Colley Cibber was an English actor-manager, playwright and Poet Laureate. His colourful memoir Apology for the Life of Colley Cibber (1740) describes his life in a personal, anecdotal and even rambling style. He wrote 25 plays for his own company at Drury Lane, half of which were adapted from various sources, which led Robert Lowe and Alexander Pope, among others, to criticise his "miserable mutilation" of "crucified Molière [and] hapless Shakespeare". He regarded himself as first and foremost an actor and had great popular success in comical fop parts, while as a tragic actor he was persistent but much ridiculed. Cibber's brash, extroverted personality did not sit well ... more »
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Colley Cibber Poems
The Blind Boy
O SAY what is that thing call’d Light, Which I must ne’er enjoy; What are the blessings of the sight, O tell your poor blind boy!
Quotationsmore quotations »
''Prithee don't screw your wit beyond the compass of good manners.''Colley Cibber (1671-1757), British actor-manager, playwright. Narcissa, in Love's Last Shift, act 2, sc. 1.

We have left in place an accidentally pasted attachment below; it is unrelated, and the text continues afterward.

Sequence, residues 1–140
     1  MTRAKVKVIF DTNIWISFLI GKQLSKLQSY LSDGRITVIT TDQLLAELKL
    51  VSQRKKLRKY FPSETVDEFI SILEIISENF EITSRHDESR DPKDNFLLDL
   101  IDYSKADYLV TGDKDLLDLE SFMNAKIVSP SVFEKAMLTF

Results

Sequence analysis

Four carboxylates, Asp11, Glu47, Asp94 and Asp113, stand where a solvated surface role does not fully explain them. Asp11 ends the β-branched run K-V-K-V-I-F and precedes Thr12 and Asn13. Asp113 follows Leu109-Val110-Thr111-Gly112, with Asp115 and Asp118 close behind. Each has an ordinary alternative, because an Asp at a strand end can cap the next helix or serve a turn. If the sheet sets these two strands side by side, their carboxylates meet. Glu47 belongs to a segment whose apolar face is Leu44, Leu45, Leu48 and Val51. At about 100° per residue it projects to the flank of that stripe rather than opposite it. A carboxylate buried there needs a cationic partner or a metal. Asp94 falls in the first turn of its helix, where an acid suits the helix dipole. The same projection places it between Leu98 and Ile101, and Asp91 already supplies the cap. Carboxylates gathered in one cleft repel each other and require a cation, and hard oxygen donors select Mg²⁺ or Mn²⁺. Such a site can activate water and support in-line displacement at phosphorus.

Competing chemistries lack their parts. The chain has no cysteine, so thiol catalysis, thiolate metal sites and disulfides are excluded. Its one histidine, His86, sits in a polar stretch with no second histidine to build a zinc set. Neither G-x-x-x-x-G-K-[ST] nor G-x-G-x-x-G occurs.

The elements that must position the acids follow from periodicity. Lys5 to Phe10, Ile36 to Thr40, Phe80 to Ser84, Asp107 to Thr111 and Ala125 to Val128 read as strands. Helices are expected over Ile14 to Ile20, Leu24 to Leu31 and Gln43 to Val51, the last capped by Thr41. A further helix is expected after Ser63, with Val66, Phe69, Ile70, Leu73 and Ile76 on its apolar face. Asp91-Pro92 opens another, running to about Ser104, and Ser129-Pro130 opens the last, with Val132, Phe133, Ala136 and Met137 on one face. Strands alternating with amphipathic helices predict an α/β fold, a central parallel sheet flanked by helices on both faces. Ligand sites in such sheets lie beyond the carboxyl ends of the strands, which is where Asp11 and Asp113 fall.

''You know, one had as good be out of the world, as out of the fashion.''Colley Cibber (1671-1757), British actor-manager, playwright. repr. In Dramatic Works (1966). Narcissa, in Love's Last Shift, act 2, sc. 1 (1696). ...
''Our hours in love have wings; in absence, crutches.''Colley Cibber (1671-1757), British actor-manager, playwright. Tamira, in Xerxes, act 4, sc. 3.
Comments about Colley Cibber
(4 April 1928 - 28 May 2014)
(March 26, 1874 – January 29, 1963)
(10 December 1830 – 15 May 1886)
(26 April 1564 - 23 April 1616)
(12 July 1904 – 23 September 1973)
(1 February 1902 – 22 May 1967)
Edgar Allan Poe
(19 January 1809 - 7 October 1849)
(31 May 1819 - 26 March 1892)
(31 October 1795 – 23 February 1821)
The Blind Boy
O SAY what is that thing call’d Light,
Which I must ne’er enjoy;
What are the blessings of the sight,
O tell your poor blind boy!
You talk of wondrous things you see,
You say the sun shines bright;
I feel him warm, but how can he
Or make it day or night?
My day or night myself I make
Whene’er I sleep or play;
And could I ever keep awake
With me ’twere always day.
With heavy sighs I often hear
You mourn my hapless woe;
But sure with patience I can bear
A loss I ne’er can know. ...